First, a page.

Month Without Mirrors 5.26 Update: Clothes Shopping!

Clothes shopping when you've banned yourself from mirrors requires a different sort of trust than the sort you'd normally put in a total stranger. I'm loath to ask sales staff what they think of any particular garment on me—the worst of all possible shopping worlds being when the saleslady bullies me into coming out of the dressing room (I'll come out of the dressing room at will, but trust me, if you push me to model a piece that looks hideous I will only be embarrassed, and you will lose a sale); the mirror is the saving grace. I don't even like to take friends shopping with me for that reason: I don't want to saddle them with the responsibility of telling me what works and what doesn't.

But! In the name of research (of course) I gave blind clothes shopping a whirl recently. I was turned on to a Dutch line, King Louie, which creates feminine, made-to-move clothes appropriate for a city that breathes bicycling. I'm trying to revamp my wardrobe to include dresses that don't require heels or sucking in the beer gut I acquired last year during a three-month stint in Prague, and this seemed like a good opportunity. I generally know what colors and cuts suit me, so I walked into the store confident that maybe I wouldn't even need help—only to find that the cuts of the dresses I found most appealing weren't the type I normally wear (the type I normally wear being the sort that requires...heels and gut-sucking). They didn't have any of my personal no-nos (pleats, for example), but they were out of my safety zone of fitted scoop-neck sheaths. But this raspberry dress with a blousy top and sash looked so...comfortable! No gut-sucking! Flat sandals! Mobility!

I tried it on, then stood in the dressing room unsure of what to do. I could tell that it fit right just by looking down and by how it felt, but as far as how it looked? No idea. Plus, I'm not great with draping and sashes and stuff, but damn if I didn't feel relaxed in this thing. I had to ask the sales staff, and I just sort of crossed my fingers that the famous Dutch nonchalant frankness would mean that the hard sell would lose out over honesty.

In fact, that's just what happened—I hope. I had to ask her what she thought instead of simply wait for her to proffer her opinion. She looked me up and down and said it worked on me, and that it was the dress that every single staffer had purchased. Then she looked at my face and saw what I imagine looked like worry: I was comfortable in the store, but clearly a foreigner, and clearly anxious. "You can always ask what we think," she said, and smiled. "It's what we're here for."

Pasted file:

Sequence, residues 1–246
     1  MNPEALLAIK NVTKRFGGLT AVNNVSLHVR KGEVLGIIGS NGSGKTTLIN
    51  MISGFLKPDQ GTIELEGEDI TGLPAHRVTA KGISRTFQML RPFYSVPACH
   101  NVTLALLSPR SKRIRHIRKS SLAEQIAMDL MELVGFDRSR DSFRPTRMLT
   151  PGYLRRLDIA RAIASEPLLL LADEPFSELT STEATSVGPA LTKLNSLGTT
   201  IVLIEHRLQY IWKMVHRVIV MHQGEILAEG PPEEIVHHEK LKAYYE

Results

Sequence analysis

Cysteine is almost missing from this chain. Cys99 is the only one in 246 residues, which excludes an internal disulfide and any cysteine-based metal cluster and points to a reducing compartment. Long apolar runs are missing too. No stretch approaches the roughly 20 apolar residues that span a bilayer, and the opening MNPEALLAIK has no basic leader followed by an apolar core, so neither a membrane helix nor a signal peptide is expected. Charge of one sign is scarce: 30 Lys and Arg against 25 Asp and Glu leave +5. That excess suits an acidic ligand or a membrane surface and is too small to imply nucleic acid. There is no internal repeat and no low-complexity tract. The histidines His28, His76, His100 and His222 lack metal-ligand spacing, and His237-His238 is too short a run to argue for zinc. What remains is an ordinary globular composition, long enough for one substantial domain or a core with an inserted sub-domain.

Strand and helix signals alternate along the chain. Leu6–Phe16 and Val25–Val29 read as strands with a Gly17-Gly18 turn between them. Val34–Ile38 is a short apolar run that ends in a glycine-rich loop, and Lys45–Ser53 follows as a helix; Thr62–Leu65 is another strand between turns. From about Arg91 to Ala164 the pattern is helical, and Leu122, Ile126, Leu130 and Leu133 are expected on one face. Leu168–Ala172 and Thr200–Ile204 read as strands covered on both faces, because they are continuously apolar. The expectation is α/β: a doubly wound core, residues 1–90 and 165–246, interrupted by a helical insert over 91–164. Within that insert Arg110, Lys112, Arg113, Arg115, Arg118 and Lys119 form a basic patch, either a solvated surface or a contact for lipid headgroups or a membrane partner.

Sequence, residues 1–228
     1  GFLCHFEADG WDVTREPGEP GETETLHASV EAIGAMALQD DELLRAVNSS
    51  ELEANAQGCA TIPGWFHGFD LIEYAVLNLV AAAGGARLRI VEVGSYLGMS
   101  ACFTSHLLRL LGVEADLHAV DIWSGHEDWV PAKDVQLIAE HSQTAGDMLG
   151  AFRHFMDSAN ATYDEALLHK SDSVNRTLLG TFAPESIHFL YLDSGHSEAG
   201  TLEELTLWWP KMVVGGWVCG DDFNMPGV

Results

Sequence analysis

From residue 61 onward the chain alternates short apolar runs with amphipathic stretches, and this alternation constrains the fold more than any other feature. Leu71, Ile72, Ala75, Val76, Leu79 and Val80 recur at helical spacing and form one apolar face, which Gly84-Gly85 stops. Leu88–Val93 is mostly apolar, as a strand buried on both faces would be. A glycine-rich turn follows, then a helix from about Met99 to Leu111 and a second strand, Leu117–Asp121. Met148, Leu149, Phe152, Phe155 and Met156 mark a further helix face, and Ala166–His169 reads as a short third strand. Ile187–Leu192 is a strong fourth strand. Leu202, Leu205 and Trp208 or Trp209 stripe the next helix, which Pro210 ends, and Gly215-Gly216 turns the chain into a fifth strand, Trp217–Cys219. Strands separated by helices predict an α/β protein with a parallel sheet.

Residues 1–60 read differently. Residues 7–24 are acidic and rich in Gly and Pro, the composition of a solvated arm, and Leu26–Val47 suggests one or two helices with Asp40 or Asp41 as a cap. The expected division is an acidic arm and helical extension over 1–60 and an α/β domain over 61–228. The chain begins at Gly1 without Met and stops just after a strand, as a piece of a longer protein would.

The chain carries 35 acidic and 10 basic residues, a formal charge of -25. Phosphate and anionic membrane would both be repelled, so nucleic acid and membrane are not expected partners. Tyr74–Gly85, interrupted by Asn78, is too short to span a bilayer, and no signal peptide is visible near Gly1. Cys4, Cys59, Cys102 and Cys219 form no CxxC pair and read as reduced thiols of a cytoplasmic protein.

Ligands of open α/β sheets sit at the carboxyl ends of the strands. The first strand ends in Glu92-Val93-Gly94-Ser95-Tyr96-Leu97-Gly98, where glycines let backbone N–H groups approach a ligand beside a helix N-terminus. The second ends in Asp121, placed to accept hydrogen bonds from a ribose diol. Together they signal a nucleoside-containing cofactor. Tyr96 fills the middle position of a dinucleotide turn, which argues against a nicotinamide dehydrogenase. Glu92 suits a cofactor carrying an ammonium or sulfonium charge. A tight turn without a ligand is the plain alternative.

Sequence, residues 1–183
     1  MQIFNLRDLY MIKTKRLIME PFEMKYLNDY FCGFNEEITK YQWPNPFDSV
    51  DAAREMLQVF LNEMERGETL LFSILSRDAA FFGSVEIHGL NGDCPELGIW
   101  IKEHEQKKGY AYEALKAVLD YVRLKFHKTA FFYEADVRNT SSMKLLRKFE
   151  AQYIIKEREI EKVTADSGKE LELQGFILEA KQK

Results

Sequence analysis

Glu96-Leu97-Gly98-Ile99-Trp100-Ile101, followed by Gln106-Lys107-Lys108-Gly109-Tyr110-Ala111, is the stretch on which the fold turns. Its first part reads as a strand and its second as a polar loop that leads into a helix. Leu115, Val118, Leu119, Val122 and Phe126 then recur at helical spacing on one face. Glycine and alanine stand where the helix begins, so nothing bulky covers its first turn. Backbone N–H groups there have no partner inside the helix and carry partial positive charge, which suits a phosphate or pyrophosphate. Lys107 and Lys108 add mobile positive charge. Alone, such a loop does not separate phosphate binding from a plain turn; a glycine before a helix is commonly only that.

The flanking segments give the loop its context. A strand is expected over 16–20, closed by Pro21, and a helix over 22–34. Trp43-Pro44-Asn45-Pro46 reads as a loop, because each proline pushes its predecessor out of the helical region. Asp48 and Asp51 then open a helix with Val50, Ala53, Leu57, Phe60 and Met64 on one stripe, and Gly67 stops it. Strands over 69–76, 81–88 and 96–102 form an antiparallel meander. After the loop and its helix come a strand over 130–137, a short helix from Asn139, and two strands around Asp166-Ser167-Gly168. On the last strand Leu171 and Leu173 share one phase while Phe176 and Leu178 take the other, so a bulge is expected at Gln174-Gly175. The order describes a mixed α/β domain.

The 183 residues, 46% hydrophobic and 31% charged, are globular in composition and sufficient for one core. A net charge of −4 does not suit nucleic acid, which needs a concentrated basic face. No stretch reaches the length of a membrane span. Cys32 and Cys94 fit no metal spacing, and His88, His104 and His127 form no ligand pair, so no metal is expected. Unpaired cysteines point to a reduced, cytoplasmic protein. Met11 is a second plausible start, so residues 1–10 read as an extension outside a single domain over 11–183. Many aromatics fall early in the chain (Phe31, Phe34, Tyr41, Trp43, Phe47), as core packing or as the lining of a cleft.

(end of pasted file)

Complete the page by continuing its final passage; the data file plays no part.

I think of myself as a pretty trusting person, but it hadn't ever occurred to me that, in fact, that is what a salesperson is there for. I mean, of course they're also there to make a sale, and the emotional labor of the salesperson means that they have to flatter and fawn in order to do so. But a good salesperson knows better than to do that falsely.

Um, that's what I'm banking on, anyway.

The exchange got me on a no-mirror high, and I purchased not only that dress, but two others (I did take a quick peek at my butt to make sure a knit dress didn't reveal a terrible panty line). At another shop, I purchased a vintage early 20th-century linen nightgown that makes me feel like I'm on Downton Abbey. The nightgown was, well, a nightgown, so sizing wasn't an issue; in fact, I didn't try it on. But I wonder if I'd have purchased it were I not doing the mirror experiment. One thing I've missed during this experiment is the pleasure of briefly feeling like I've stepped into a sort of fantasy life, even when it's really just my own. I wrote in my initial mirror post of catching a glimpse of myself with pencils in my hair and thinking, My, don't I look like a writer?; this experiment was meant, in part, to turn such notions inward. But sometimes it's just fun to feel like I'm inviting another world into my private sphere. I am not pre-WWI nobility, but wearing a loose linen nightgown with delicate stitching on top with my hair loose over my shoulders certainly makes me feel like pre-WWI nobility. My longing for play can take a precarious turn into a sort of semi-permanent acting, in which I'm so aware of appearing that I lose the focus on being. But play needn't be sacrificed for self.

I figured this photo doesn't show anything except my chin that I can't already see,
so even though I'm abstaining from looking at photos of myself, I can look at this. And so can you!

The last time I did a conscious "play" experience with my bombshell makeover, I felt unmoored from the experience. It revealed myths I've told myself over the years, and showed me exactly how much I fear putting myself out there. But there are different sorts of play, some of which are private, others of which are public. Becoming comfortable with private forms of persona might open up the doors for me to feel more fluid—more authentic—in allowing myself the public forms of play. One of my favorite outfits—khaki shirtdress with neckerchief and Mary Jane heels—was dubbed "stewardess chic" by a coworker, a description that fills me with a 1970s glamour glee whenever I think of her term. It's stewardess chic, but it's still me, and I suppose that's the difference. I'd like to learn how to experiment more with that sort of playful attitude toward my appearance in public. This mirror fast is helping me develop the core that I'll need in order to do that without feeling like I'm merely acting, and poorly at that. I'm not there yet. For now, I've just got my nightgown. You may call me Lady Whitefield.